Advanced manufacturing: innovation as the base for the future of the industry

The expert´s view:
Javier Arzamendi, in charge of areas related to processes and production resources at IK4-TEKNIKER

Our past shows that Basque industries have always adapted to the times. In recent years, the focus has shifted towards the revolution that Industry 4.0 has brought about for the processing sector. Obviously, this is not only a wonderful opportunity, but also a major challenge. Nowadays, advanced manufacturing is a key element to set up competitive and efficient manufacturing processes in a globalised economy. It is clear that, in order to properly address this challenge, we must attach innovation to company value chains.

For decades, the industrial sector has been the main driving force for Basque economy, as demonstrated by the figures: its contribution in 2018 accounted for 24,4% of the GDP (Source:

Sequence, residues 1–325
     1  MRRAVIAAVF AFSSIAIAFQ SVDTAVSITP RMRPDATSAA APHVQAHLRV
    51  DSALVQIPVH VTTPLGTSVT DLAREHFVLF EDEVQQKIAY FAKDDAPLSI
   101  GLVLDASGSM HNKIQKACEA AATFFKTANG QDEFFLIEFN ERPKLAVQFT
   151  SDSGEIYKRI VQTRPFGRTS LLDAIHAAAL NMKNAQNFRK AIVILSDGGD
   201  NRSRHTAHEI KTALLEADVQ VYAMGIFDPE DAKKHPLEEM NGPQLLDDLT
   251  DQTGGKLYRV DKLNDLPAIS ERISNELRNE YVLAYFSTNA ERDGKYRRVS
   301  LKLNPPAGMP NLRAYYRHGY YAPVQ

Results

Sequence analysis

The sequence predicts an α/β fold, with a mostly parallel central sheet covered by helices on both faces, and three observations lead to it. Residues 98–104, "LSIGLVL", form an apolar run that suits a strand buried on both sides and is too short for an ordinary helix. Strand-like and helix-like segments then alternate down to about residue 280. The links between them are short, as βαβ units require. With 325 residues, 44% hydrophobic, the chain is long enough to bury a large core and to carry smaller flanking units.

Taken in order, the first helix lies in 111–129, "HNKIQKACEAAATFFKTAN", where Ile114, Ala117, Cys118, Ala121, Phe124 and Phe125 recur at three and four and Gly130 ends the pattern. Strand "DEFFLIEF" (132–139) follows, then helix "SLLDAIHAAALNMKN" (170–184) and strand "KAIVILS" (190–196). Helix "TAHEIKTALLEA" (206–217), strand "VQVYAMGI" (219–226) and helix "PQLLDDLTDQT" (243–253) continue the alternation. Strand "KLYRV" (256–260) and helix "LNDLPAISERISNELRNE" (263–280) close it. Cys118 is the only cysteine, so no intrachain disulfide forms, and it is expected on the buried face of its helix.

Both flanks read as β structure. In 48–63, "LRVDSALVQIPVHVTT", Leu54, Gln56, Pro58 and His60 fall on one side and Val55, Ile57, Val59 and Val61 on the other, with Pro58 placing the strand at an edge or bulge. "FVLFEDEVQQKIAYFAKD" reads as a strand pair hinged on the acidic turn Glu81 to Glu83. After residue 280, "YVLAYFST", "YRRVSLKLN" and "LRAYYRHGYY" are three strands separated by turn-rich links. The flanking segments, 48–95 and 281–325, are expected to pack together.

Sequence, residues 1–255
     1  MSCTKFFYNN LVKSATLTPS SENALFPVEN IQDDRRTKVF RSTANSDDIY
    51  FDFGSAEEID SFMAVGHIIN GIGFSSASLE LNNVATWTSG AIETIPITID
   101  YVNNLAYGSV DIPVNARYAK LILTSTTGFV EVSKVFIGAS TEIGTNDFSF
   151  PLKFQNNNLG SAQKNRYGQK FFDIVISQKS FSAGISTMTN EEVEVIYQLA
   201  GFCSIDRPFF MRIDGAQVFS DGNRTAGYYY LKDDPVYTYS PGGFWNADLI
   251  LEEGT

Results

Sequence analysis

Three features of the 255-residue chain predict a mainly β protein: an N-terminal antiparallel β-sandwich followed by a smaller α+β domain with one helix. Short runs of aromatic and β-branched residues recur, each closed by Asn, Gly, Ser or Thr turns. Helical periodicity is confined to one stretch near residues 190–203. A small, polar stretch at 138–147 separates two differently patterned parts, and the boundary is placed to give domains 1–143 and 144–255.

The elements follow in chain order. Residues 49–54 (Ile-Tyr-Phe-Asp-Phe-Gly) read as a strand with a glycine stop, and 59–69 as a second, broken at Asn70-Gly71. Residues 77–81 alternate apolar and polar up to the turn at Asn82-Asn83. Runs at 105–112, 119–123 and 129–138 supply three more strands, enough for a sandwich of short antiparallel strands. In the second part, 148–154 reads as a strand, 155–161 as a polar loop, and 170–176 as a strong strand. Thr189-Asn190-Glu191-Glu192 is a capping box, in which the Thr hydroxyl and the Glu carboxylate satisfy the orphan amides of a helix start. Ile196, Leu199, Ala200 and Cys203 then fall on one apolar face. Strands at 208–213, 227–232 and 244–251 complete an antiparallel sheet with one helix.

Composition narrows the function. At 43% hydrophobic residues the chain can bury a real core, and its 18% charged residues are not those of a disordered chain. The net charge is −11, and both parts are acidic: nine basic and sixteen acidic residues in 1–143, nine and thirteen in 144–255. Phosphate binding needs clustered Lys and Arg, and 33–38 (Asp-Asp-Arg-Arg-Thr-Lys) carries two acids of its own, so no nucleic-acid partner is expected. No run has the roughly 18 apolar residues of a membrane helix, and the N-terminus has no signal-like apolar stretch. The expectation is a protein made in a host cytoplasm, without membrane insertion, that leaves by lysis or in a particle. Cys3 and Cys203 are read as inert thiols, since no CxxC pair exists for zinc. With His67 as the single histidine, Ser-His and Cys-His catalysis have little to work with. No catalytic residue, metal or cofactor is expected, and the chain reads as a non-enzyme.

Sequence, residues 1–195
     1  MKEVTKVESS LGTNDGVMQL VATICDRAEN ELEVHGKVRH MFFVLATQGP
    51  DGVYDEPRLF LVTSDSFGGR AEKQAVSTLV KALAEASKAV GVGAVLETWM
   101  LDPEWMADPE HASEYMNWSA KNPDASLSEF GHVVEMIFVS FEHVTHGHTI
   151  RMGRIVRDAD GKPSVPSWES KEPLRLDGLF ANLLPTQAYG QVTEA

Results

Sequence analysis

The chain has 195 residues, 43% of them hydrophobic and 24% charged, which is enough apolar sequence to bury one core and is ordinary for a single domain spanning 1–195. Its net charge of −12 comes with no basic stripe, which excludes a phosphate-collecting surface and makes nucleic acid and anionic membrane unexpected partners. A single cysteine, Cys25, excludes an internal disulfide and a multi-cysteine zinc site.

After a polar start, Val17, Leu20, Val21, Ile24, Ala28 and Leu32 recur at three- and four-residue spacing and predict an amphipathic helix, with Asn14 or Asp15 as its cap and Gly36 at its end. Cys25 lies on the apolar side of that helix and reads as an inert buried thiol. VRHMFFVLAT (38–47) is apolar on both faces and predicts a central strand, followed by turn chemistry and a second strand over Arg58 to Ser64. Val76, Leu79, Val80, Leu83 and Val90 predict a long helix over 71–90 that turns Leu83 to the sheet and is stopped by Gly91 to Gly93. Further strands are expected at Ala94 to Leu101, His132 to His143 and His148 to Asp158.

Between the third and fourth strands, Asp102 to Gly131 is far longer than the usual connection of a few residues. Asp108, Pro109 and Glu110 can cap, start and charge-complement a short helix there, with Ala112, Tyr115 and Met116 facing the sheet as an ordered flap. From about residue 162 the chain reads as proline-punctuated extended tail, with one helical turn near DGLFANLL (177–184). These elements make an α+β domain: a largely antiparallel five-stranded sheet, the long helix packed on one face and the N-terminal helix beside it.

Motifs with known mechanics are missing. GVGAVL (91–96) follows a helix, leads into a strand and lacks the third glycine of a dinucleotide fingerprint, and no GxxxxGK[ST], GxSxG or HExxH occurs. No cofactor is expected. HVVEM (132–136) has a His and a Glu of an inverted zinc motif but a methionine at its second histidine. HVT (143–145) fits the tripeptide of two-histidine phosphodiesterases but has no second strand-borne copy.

This economic strength, however, means that Basque companies must deliver products and services that give added value to international markets and this means they must become involved in the major revolution experienced by the industry over the last few years. In fact, 65% of our Basque companies are already developing digitisation processes, a figure that has only been surpassed by Finland with 68%. (Source:

Technological development in industrial production